According to Hart, consumers do not want to pay for online content because they have been trained not to, whereas business users are used to putting their hands in their pockets for particular information.
'I think that the media has trained the online consumer that there is no value in what they publish,' Hart said. 'In two years we will see a turnaround in the consumer market. Itís going to take some time for publishers to build the infrastructure to bill consumers. In the meantime, consumers are going to learn that they have to pay, business users on the other hand have know this for a long time.' Analyst group AMR Interactive said media companies are almost as unanimous in their insistence that paid content is the only way forward as Internet users are in their unwillingness to come up with the cash." [ZDNet, via The Virtual Acquisition Shelf & News Desk]
If Hart is right about this to any degree, then it's going to cause an even bigger rift between publishers/aggregators and libraries. Expect libraries to continue being the hot cyber-battleground as everyone works through the digital rights management & fee-based model versus fair use & information in the "commons" debate.
News Aggregation Meets iTunes3
"Oh, and one more thing: I assume you've seen the new iTunes. I want to steal the new features for my news aggregator. I'd been thinking of these things long before the new version came out, but of course these are not unique ideas. And how well they seem to work in iTunes now (for me at least) seems to be a good thing to point at and say 'that's what I mean'.
So... I want a count of how many times I 'play' a channel (ie. visit a link or story from the RSS feed.) I want to rate my channels. I want to make 'playlists' (ie. categories), and 'smart playlists' (ie. active, persistent searches). I'd also like to synch my subscriptions and things with my website and.. hmm, well, no one's made an iPod analogue for news aggregation/reading yet. ...or have they?" [0xDECAFBAD]
I haven't seen iTunes because I don't have a Mac, but I still feel qualified to add a "me, too" post.
What the Major Labels Don't Want to Hear: 2,000,000 Celtic MP3s Downloaded Free
"The two millionth MP3 was downloaded from Austin's Brobdingnagian Bards' MP3.com website on Thursday, July 25th. This landmark achievement makes them one of the Top 15 bands out of over 200,000 one the world's largest free music portal. It also shows that the Celtic musical tradition of The Chieftains, Clannad, Enya, The Corrs, and countless traditional and not-so-traditional bands is no passing fad. It is the wave of the future.
While record labels are struggling to stay afloat while fighting the growing number of illegal downloads, the Brobdingnagian Bards adopted a more innovative method by giving away over two million downloads advertising 'Download One Free Celtic CD' from their website. While this may seem outlandish considering sluggish record sales, The Bards see it as a means to an end.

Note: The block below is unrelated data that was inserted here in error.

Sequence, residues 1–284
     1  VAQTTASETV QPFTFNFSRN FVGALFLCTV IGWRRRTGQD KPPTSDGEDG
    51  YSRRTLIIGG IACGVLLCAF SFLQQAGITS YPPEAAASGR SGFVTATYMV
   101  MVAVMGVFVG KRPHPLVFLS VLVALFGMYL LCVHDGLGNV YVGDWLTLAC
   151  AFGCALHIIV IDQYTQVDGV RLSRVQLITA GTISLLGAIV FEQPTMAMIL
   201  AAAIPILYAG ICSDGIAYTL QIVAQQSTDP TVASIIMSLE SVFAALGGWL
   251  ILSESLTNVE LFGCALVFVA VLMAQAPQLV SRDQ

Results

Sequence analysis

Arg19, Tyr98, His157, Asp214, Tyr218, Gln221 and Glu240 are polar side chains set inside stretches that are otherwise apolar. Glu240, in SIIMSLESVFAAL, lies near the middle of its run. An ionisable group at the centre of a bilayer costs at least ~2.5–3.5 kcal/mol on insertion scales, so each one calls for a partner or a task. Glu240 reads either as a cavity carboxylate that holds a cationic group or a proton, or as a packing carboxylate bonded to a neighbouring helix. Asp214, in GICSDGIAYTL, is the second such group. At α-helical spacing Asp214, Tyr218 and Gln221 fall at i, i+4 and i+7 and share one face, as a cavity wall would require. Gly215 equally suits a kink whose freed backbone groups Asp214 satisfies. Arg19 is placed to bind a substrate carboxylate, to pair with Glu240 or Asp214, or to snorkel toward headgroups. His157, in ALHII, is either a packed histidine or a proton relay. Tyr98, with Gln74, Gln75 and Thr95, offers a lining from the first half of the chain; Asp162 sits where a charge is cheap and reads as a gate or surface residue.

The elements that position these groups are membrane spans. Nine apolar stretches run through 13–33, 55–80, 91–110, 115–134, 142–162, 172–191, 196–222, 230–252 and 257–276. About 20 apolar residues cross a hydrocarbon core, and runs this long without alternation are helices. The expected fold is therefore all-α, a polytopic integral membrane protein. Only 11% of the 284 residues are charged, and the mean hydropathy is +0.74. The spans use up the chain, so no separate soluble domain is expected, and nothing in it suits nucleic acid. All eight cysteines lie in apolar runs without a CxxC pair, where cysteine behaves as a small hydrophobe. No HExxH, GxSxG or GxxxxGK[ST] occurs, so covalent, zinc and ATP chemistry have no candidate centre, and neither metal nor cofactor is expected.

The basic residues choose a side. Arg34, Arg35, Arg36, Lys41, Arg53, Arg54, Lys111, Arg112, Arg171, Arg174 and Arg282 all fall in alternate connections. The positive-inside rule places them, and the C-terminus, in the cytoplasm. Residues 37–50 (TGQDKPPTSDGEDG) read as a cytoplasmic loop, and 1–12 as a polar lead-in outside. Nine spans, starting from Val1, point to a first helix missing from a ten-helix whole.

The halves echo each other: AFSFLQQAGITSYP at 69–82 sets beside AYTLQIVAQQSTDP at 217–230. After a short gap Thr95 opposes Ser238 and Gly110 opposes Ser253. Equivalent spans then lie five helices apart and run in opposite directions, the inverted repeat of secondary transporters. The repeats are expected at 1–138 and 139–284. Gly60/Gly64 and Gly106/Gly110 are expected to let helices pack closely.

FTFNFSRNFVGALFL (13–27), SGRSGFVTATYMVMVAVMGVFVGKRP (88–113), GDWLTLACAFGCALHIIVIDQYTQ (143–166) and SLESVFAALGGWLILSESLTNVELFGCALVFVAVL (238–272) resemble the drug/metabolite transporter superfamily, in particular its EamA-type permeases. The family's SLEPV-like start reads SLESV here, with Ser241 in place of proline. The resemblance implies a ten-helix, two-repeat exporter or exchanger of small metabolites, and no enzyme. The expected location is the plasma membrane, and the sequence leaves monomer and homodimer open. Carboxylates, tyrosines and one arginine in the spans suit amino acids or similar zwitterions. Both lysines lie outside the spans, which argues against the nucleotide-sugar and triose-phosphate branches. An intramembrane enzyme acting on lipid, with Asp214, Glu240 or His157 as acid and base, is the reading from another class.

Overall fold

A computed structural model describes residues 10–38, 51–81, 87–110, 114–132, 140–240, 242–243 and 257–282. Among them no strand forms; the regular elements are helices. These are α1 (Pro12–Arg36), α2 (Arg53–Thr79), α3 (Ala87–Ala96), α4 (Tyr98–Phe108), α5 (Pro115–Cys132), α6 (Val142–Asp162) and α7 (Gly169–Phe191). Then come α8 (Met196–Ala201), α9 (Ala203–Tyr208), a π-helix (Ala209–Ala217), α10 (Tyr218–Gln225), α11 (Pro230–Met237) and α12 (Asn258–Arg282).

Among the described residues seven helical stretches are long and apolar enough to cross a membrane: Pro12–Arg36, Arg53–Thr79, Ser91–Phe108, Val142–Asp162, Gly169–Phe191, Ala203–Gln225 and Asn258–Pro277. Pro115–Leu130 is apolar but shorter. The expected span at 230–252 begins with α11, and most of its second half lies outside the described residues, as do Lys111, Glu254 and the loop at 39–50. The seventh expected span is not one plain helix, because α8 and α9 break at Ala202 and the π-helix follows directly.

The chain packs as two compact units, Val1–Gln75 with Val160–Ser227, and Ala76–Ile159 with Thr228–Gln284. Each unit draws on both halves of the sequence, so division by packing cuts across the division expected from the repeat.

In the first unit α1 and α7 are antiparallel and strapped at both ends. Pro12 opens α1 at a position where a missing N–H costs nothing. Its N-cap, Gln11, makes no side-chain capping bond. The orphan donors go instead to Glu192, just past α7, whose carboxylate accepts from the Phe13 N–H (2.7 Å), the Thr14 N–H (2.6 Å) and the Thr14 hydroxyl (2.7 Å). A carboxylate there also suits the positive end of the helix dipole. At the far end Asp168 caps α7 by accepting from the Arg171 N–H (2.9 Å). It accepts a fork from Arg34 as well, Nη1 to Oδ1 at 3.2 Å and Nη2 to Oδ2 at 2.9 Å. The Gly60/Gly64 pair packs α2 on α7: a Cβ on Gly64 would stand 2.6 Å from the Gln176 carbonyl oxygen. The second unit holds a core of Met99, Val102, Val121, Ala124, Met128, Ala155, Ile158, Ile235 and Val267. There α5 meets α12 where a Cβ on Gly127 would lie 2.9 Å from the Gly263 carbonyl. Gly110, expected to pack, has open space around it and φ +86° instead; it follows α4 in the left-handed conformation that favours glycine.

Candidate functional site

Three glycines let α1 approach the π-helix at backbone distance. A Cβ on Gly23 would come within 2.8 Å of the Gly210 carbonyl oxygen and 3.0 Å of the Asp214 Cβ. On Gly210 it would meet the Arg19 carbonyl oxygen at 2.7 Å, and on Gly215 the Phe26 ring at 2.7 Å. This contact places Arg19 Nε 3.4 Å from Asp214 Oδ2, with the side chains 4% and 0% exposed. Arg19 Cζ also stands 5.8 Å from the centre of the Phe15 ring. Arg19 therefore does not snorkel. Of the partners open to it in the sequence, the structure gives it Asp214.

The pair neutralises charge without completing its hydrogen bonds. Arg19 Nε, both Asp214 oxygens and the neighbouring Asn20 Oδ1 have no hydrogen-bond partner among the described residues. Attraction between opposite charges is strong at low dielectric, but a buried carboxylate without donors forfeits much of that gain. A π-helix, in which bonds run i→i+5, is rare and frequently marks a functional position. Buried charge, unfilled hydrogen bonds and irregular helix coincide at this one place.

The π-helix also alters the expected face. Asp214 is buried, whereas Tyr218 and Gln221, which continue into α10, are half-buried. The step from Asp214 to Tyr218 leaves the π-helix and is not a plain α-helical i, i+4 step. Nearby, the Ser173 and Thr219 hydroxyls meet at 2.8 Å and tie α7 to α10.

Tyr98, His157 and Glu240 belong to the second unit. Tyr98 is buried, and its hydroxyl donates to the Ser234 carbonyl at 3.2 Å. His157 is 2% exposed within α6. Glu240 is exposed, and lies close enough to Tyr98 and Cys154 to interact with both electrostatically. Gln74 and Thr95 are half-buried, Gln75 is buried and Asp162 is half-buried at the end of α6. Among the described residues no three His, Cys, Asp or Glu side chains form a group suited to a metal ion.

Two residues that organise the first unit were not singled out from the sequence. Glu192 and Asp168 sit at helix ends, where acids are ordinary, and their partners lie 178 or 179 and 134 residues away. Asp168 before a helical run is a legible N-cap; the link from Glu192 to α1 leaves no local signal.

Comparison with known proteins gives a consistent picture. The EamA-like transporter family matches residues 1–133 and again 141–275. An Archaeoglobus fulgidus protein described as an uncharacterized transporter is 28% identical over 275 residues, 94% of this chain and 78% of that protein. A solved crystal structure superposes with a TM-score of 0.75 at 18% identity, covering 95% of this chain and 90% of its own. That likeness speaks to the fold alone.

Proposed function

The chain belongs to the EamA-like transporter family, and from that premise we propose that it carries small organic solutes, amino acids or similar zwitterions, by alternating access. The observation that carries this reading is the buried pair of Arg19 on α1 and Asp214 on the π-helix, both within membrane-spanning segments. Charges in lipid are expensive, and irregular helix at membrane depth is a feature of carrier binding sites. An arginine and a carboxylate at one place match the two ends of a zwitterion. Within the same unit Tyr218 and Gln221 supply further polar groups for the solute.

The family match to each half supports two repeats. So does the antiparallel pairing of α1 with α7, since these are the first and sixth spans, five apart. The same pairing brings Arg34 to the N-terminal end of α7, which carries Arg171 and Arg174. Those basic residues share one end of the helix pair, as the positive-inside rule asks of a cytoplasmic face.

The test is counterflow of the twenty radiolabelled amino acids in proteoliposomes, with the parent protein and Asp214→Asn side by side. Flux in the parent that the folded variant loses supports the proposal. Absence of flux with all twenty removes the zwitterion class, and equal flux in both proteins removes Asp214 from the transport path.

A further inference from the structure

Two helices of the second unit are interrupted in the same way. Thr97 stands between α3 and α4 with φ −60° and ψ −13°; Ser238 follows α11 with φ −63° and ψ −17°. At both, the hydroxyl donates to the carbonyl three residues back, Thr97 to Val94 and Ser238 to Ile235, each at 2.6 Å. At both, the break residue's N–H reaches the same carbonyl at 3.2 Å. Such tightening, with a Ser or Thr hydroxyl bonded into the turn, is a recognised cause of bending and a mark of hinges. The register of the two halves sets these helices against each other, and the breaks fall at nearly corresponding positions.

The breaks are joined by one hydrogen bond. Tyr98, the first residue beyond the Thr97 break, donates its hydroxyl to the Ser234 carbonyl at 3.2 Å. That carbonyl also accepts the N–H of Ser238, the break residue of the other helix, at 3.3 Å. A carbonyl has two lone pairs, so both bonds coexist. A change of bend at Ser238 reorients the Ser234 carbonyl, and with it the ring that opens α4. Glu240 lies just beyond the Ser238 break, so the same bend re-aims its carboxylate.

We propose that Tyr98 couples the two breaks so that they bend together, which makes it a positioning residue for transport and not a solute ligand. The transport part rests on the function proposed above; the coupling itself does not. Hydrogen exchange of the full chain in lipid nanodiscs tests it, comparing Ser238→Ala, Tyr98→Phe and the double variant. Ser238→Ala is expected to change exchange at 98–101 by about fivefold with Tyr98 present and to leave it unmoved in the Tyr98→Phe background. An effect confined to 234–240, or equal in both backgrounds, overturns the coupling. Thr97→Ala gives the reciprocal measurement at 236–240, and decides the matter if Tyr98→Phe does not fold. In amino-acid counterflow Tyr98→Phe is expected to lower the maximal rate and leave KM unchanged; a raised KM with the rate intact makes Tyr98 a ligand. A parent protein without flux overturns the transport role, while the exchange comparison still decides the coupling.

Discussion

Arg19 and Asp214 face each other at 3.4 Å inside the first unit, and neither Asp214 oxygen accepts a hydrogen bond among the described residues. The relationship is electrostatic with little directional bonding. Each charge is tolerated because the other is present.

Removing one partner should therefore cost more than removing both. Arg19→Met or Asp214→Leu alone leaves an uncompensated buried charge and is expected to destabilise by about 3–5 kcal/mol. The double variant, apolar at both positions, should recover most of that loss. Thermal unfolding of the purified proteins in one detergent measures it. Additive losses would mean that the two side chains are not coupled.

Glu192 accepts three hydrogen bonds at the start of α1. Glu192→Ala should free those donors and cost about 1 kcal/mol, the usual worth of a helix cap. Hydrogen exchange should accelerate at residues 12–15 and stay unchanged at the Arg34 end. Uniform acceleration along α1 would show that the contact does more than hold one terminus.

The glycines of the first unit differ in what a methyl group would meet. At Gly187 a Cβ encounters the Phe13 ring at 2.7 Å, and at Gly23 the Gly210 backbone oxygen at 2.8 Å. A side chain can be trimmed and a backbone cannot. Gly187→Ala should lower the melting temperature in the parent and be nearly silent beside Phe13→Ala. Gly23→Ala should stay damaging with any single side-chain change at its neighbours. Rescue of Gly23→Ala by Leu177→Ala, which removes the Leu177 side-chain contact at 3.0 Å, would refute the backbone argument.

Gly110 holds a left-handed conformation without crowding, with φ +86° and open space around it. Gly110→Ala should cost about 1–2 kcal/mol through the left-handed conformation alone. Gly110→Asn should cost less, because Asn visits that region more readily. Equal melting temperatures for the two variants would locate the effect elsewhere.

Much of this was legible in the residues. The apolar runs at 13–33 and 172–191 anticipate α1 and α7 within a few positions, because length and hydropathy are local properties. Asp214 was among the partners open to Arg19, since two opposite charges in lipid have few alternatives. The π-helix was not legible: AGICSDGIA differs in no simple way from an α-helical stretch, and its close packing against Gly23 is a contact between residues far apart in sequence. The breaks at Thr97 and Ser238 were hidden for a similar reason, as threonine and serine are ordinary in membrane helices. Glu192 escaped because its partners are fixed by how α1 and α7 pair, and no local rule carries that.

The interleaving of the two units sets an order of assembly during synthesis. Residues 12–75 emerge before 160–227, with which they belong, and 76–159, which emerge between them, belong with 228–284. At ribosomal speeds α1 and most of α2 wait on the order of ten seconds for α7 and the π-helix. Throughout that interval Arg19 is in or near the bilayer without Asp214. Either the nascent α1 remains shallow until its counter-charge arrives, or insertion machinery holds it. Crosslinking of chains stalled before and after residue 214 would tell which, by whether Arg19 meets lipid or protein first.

'I love giving away music,' begins Marc Gunn of the Brobdingnagian Bards. 'Not only is it rewarding to hear the response of 1000s of people every month, it also sells CDs. Sure we only sell maybe sixty CDs a month online, but that's a hell of a lot more than most bands! If we didn't would we still sell as many? Maybe, but at least were building a solid fan base in the process.' " [MP3.com]
Guess what else The Bards Crier is doing? In addition to giving away free MP3s, Marc Gunn is also putting together a free ebook about how to sell CDs effectively online.
John Robb: "CNet. Western Digital's new hard-drive arrives at 200 Gbs. This is great:
>>>Drive makers will surely need the new interface, as developments push areal densities to 100GB per platter. Such density could allow desktop drives to reach 400GB of storage by the end of next year.<<<
It's too bad that overly generous copyright laws prevent this capacity from being utilized. If copyright was at the Lessig threshold of 5 years, all manner of scenarios are possible. A personal copy of the Library of Congress. Archives of major newspapers, magazines, etc. Societal memory at your fingertips. Amazing. What value is that to our civilization?
To not fill this capacity and unleash the creativity it could spawn would be tantamount to Caeser's burning of the great Library of Alexandria. In his quest for power and control, he accidently destroyed one of the founts of knowledge in the ancient world. Aren't we experiencing a similar power grab by corporate copyright holders for the same motives?" [John Robb's Radio Weblog]